A friend of mine once told me that after spending years reading through historical manuals in search of new techniques to give him an edge over other fencers, he had finally come to the realization that there was no such thing. Ultimately, he said, there is no substitute for hard work, drilling and training. My friend is very wise and I could not agree with him more. There is a fantastic movement towards historical fencing in the SCA right now, but I feel that there are many who have unrealistic expectations as to what historical fencing can offer them. Further, many fencers in the SCA who are not historical fencers assume that historical fencing itself is flawed when they see that things don’t work out for those with unrealisitc expectations. In this paper, I want to look at how to get the most out of historical fencing in the SCA. Specifically, how we should approach historical fencing, what we can expect to get from it, and how to go about training as a historical fencer. Of course, while I think I have good reasons for doing what I do, I don’t pretend to have the only valid approach to answering these questions.
To start with, I want to clarify the context in which I am writing. The bulk of my fencing is done within the SCA in a somewhat competitive environment. For the purposes of competition, defeating my opponent always takes precedence over “staying within a historical form.” It should be remembered that in competition, form and style are means to an end, not an end in themselves. Form has its purpose, but there is a distinction between how one trains and how one competes. When training (drilling, or bouting) form plays an important role because it provides an objective standard to aspire to. The forms and techniques described historically are not arbitrary, so practicing and understanding them will improve your fencing. However, in a competition (or a duel for that matter) too much of an effort to “remain in form” will distract you from the task at hand. A better approach would be to have trained the form so well that you are able to do it without consciously thinking about it.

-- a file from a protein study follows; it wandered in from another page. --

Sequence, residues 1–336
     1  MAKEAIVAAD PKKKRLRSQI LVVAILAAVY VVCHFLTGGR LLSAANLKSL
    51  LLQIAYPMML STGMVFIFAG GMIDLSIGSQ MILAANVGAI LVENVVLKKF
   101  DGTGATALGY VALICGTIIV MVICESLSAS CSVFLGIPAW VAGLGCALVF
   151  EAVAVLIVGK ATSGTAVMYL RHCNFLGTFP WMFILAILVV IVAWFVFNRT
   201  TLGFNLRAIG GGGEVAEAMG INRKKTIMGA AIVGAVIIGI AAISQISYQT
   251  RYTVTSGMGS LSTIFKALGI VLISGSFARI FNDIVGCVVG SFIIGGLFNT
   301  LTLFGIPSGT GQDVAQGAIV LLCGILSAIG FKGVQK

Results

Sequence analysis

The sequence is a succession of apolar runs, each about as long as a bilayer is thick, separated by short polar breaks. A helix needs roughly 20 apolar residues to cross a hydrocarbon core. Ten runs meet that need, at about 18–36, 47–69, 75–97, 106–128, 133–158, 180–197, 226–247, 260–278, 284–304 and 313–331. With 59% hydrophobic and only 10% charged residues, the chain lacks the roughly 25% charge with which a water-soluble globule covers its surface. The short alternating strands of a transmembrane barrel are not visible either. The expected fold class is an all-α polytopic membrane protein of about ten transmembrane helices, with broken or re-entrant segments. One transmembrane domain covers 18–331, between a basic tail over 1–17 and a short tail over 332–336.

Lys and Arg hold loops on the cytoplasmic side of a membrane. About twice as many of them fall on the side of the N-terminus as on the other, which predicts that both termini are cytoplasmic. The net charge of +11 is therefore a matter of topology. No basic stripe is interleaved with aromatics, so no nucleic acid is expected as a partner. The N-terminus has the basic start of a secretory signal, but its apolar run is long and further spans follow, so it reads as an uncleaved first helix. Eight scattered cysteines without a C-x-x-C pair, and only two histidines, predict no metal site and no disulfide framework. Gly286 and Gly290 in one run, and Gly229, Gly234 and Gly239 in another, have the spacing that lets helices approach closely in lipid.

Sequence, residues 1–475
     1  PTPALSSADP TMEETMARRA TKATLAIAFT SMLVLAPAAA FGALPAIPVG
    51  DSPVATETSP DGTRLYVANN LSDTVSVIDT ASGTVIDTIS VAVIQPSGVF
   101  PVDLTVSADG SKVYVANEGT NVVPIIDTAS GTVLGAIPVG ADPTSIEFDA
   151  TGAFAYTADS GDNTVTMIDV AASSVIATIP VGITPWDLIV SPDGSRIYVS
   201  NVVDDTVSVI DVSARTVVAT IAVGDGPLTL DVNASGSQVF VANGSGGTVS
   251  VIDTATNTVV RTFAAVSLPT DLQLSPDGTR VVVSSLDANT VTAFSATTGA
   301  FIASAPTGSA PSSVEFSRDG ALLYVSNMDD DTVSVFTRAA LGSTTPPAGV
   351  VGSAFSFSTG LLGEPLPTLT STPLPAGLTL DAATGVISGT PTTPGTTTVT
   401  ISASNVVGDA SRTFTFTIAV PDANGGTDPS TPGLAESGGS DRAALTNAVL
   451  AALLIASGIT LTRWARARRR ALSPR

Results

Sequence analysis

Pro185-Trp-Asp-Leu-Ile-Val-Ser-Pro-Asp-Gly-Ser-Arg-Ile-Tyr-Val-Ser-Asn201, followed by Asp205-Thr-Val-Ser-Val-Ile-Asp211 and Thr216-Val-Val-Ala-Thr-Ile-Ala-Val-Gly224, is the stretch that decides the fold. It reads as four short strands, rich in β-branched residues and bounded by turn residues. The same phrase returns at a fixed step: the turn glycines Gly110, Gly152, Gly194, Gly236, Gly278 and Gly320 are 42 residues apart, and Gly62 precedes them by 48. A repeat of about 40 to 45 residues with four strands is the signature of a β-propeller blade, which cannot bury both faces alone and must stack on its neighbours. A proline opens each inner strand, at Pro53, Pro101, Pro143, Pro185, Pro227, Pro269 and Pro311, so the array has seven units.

Assuming that you actually want to do historical fencing (and why you would want to is the subject of another paper), the first thing to determine is what type of historical fencing that you want to learn. There were many different fencing traditions in the SCA’s period to choose from, Spanish, Italian (Bolognese, Florentine, and rapier), English, German, etc… Each tradition has a different approach to fencing and different reasons for this approach. Ultimately, the tradition someone chooses to study is based on personal preference and which approach they find the most interesting. My personal preference for rapier within the SCA is early 17th century Italian rapier, as written about by Salvator Fabris (1606), Nicoletto Giganti (1606), and Ridolfo Capoferro (1610). While their manuals are technically out of period for the SCA, I think that they give us a great description of what rapier fencing would have looked like at the end of the 16th century. As is often and correctly pointed out, these authors are writing after a lifetime of fencing. Further, the system described in these manuals can be easily adapted to the basic SCA rapier rules. The majority of attacks in the manuals are delivered with the point and cuts are used less often. These manuals include very little grappling, the majority of body contact that is described is done against the opponent’s arm when making a passing attack – this can easily by modified to grasping the opponent’s hilt rather than his or her arm. Many earlier manuals have a greater reliance on cutting or grappling, which means that many of their core techniques cannot be used under the SCA ruleset.